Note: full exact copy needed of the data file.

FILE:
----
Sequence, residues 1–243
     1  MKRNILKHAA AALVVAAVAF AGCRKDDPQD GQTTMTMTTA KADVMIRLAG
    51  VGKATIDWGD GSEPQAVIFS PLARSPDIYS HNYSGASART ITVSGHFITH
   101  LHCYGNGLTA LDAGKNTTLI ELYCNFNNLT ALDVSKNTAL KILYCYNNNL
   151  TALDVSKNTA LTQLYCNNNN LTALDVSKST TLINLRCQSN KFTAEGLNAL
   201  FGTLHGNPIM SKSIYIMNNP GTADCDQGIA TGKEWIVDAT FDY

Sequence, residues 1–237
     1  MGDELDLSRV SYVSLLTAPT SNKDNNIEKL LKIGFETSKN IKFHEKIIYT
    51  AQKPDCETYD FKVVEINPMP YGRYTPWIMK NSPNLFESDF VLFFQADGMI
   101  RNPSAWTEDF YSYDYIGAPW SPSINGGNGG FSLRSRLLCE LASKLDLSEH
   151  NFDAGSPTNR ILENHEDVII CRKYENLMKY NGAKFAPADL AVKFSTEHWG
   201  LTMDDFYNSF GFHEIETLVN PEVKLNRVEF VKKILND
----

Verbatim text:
Sequence, residues 1–243
     1  MKRNILKHAA AALVVAAVAF AGCRKDDPQD GQTTMTMTTA KADVMIRLAG
    51  VGKATIDWGD GSEPQAVIFS PLARSPDIYS HNYSGASART ITVSGHFITH
   101  LHCYGNGLTA LDAGKNTTLI ELYCNFNNLT ALDVSKNTAL KILYCYNNNL
   151  TALDVSKNTA LTQLYCNNNN LTALDVSKST TLINLRCQSN KFTAEGLNAL
   201  FGTLHGNPIM SKSIYIMNNP GTADCDQGIA TGKEWIVDAT FDY

Sequence, residues 1–237
     1  MGDELDLSRV SYVSLLTAPT SNKDNNIEKL LKIGFETSKN IKFHEKIIYT
    51  AQKPDCETYD FKVVEINPMP YGRYTPWIMK NSPNLFESDF VLFFQADGMI
   101  RNPSAWTEDF YSYDYIGAPW SPSINGGNGG FSLRSRLLCE LASKLDLSEH
   151  NFDAGSPTNR ILENHEDVII CRKYENLMKY NGAKFAPADL AVKFSTEHWG
   201  LTMDDFYNSF GFHEIETLVN PEVKLNRVEF VKKILND